It’s funny how God works. It’s even funnier that most of the time He seems to like to work on me at about three in the morning.
Maybe that’s the time that God knows that I don’t have much else on my mind so it’s easier for Him to get through to me. At about that time, I will wake up and find that inspiration for an article or a daily message hits me. When I feel like I have a message to share, I make sure I write it down because, if I fall back to sleep, by the morning it will likely be gone – and I get quite frustrated with myself when I seem to let a message slip away.
I attended Catholic schools for ten of the first twelve years of my education. Obviously, during that time, religious education was a big part of the curriculum that I was taught in school. I learned quite a bit about religion. Or, at least I thought so.
The religious education and the study of the bible that I had gone through in school was mainly academic rather something that was easily applicable to my life.
We were taught that Jesus loves us and died for us. We were taught not to sin, to respect our parents, the Ten Commandments, and the rites and rituals of the Church. We were taught a lot of things that the Church wanted us to learn so we could be good Catholics but I never felt that I really learned what God was trying to say to me through the Bible and how to apply His word to my life. So, one day I decided to go back to the beginning and start my Bible study over with a new set of eyes – to try to put aside what I had learned in the past and read God’s word anew.
When I decided to “restart” my study of the Bible, I went off to the bookstore and bought a few translations of the Bible that I did have and a collection of books on Bible study that would probably give you a backache if you tried to carry them all at the same time.
One day, a friend was over my house and saw all my books. He thought I was nuts and he asked why I had so many Bibles and books about the Bible.
I tried to explain to him that for me to really understand the Bible and what God was saying, I felt like I needed to “go back to the source.”
“What other source do you need,” he said. “You have a dozen Bibles now.”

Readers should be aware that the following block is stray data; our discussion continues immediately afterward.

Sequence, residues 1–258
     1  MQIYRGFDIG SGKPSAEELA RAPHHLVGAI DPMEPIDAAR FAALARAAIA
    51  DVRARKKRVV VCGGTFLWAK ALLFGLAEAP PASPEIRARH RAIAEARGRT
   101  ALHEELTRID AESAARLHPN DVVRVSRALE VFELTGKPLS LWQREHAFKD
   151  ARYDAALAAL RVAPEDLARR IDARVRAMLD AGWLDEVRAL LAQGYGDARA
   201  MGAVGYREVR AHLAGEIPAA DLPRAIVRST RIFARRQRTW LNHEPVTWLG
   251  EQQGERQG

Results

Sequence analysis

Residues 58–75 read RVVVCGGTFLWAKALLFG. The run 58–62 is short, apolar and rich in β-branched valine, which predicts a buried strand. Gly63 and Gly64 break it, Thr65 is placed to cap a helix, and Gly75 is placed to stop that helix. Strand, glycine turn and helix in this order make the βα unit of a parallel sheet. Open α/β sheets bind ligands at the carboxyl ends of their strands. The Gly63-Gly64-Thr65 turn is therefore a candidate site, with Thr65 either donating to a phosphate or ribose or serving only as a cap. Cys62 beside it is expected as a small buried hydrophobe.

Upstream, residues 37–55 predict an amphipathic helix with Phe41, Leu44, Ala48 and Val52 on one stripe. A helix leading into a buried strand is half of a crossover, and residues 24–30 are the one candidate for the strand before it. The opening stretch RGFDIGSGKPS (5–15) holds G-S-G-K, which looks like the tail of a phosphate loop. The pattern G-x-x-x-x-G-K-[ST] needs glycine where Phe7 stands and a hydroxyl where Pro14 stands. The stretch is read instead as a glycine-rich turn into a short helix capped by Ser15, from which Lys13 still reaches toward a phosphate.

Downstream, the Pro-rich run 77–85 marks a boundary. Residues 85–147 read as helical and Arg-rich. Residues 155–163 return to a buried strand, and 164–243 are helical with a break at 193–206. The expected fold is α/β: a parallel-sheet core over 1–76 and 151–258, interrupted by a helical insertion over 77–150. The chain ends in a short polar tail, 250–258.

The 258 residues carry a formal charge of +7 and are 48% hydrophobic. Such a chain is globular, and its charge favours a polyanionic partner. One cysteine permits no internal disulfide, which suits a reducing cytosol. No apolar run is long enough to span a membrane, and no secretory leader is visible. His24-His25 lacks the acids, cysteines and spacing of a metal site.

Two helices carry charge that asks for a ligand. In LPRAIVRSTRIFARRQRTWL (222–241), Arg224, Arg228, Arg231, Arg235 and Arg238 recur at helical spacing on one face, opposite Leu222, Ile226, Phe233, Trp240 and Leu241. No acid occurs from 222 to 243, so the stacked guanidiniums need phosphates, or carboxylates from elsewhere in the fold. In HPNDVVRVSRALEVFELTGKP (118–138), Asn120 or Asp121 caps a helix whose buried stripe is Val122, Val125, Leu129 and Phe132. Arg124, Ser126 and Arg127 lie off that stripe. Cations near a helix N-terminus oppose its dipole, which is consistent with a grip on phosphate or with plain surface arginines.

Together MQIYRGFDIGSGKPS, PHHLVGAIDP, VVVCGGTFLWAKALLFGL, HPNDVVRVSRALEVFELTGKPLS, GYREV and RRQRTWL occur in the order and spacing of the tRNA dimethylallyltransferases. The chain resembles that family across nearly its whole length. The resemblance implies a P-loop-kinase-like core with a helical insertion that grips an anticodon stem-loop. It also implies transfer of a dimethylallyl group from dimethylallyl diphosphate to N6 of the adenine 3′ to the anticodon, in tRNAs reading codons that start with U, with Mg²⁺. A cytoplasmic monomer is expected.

I explained to him that the Bible was not originally written in English.
The New Testament was written in Greek. And, every Bible we read today was translated from the original Greek. So, when we read an English language Bible we are always reading someone’s translation of what the Bible said in its original language.
When you translate anything from one language to another you will find that certain words aren’t easily translated. Sometimes one word that we might easily understand the meaning of in one language might need many sentences to convey the true meaning of that word in another language.
Not only do you have the language barrier but there is a time barrier. Did you ever try to go back and read Shakespeare? I speak English. Shakespeare wrote in English. Nevertheless, in just a couple of hundred years the nature and structure of the language has changed so much that I almost need to translate his English into my English.
As I undertake my most recent study of the Bible, I also have incorporated some basic study of the Greek language. I found I could study one word of the Bible in relation to its original Greek usage and come up with a whole new insight into the writings, the people, and the application of the bible to my life that I didn’t have before.
My friend didn’t understand what I meant by this.
So I tried to give him a simple example. If you read the letter from Paul to the Romans, Paul introduces himself in the following way:
“Paul, a servant of Christ Jesus, called to be an apostle…” Romans 1 (NIV)
I told him that we were going to look at the word “apostle.”
Since we went to school together we both learned the same things. We learned that there were twelve apostles. However, other than knowing there were twelve apostles, that they followed Jesus, and then spread the good news either through their missionary work or their writing, we never learned much more about the apostles than this.
We talked a lot about this group of twelve. What an elite group to be in. Sure, they probably didn’t have a life that was a bowl of cherries. They were jailed, probably thrown out of a lot of towns, had to travel across hot deserts on camels, and in the end a few were killed for their beliefs and for carrying out their ministry. However, it must have been pretty cool being able to spend some time with Jesus the way they did.
I asked my friend if he knew what the word “apostle” meant.
He said he didn’t.
We decided to start by going back to the original Greek word for apostle and then find out what that word meant in English.
The word apostle come from the Greek word “apostolos”. The meaning of this word is “one sent forth with a message.”
Although the original twelve apostles were very special people and were charged with carrying the message of the good news, the word apostle itself isn’t a special word made up and given only to these men who followed Jesus.
My friend thought it was funny that we were never taught this during our years in school. He said he always thought that the word apostle only referred to the twelve original followers of Jesus.
While we cannot be apostles, the word apostle also can refer the way in which we can help to spread God’s word: we can all be apostle-like and be messengers of God’s word.
So next time you are out talking about God don’t think of yourself as just another person just talking about God, think of yourself as one of His apostles helping to spread His word as He has given it to us.